How do you find nature in an asphalt landscape?


      After a summer in the mountains of the Pacific Northwest, my children and I returned to Houston, their father, and our little house in the middle of a tangle of freeways.  We were happy to see friends and family but also dismayed by the heat, the pavement, the billboards and power lines that suddenly replaced views of our beloved mountains. However, determined not to denigrate the city where we live and the people we love, we set out to find nature here.  

      But where could I find anything as magical as we had seen on the Pacific Crest Trail, the Olympic Rain Forest or Mount Rainier?

     By looking up, it turns out.

     Tropical storms in the gulf over the past few days have  blown several gorgeous skies our way, afternoons with luminous light and fleeting ever-changing clusters of thunderheads that peered at us from behind tree tops, and perhaps all the more beautiful for their brief stay on the horizon. 


     You find what you look for.  

     Interestingly, it turns out that I am not alone in seeking to appreciate nature here in East Texas.  The more closely, I look, the more I find.  My neighbors have planted abundant flowers along the sidewalks, and the region's bird and plant-rich prairies are making friends among conservationists and the general population.  The prairies are not as easy, not as dramatically spectacular as Muir's Woods, but magical in their own way.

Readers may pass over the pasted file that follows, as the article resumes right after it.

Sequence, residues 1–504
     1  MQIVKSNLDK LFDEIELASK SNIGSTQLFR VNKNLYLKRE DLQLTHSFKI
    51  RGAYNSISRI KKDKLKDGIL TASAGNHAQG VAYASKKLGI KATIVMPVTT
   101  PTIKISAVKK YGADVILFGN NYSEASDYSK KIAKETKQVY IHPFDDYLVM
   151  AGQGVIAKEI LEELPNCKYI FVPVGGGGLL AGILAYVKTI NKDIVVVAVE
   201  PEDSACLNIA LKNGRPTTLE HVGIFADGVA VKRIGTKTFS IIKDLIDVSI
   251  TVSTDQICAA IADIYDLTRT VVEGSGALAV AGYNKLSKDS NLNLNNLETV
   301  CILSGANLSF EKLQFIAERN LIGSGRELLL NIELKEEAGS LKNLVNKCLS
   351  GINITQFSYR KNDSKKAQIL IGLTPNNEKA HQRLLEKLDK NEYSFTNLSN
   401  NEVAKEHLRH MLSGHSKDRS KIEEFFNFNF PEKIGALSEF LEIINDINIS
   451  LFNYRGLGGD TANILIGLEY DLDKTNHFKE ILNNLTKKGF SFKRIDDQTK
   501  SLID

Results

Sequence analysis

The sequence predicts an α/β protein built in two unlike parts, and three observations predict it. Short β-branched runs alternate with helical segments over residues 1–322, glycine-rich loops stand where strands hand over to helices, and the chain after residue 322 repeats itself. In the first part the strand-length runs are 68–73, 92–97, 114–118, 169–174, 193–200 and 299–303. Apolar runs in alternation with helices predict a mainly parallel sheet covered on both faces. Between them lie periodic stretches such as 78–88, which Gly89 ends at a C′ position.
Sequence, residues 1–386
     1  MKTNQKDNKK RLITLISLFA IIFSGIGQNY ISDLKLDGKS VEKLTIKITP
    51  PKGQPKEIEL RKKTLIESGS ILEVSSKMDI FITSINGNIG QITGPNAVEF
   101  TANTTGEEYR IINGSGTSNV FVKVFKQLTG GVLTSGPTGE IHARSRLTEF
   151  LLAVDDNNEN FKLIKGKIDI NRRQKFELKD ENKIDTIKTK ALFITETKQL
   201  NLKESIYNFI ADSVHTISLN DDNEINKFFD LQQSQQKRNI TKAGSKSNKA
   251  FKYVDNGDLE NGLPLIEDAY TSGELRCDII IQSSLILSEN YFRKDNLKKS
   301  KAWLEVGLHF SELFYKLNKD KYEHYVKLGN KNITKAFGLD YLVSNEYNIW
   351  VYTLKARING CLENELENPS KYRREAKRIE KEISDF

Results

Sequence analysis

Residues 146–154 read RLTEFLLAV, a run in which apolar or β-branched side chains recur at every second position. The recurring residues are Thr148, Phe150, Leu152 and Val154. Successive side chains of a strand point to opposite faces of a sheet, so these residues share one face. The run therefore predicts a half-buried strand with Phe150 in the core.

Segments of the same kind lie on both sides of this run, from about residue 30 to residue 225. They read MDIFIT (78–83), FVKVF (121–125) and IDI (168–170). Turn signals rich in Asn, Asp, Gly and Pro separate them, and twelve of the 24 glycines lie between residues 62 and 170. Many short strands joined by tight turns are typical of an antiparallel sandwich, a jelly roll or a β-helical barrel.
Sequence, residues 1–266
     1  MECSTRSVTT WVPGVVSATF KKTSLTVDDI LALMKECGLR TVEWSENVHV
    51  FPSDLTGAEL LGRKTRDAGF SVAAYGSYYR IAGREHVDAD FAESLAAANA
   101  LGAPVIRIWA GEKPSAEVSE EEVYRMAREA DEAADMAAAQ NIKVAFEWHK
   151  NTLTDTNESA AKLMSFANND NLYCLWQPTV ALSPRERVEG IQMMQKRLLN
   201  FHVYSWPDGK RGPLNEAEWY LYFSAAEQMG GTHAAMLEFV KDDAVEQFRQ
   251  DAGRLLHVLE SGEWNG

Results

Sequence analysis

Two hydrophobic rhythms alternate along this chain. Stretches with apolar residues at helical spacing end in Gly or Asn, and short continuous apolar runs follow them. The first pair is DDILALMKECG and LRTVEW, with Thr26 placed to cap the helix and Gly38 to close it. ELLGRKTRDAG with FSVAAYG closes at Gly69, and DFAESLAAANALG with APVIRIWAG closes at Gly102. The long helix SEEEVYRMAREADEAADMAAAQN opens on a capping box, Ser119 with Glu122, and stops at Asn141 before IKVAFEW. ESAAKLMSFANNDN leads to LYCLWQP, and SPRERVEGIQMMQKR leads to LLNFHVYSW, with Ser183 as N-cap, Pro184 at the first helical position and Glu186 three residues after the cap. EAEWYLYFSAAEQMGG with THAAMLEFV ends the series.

Best of all, Houston has realized that our miles of bayous are potential parkways right under our noses.  Now bike paths and bridges are snaking their way below the traffic and along the waterways, providing an attractive alternative transportation and escape from the concrete.  Suddenly Houstonians can get out of their cars and enjoy beauty that we never realized we had.


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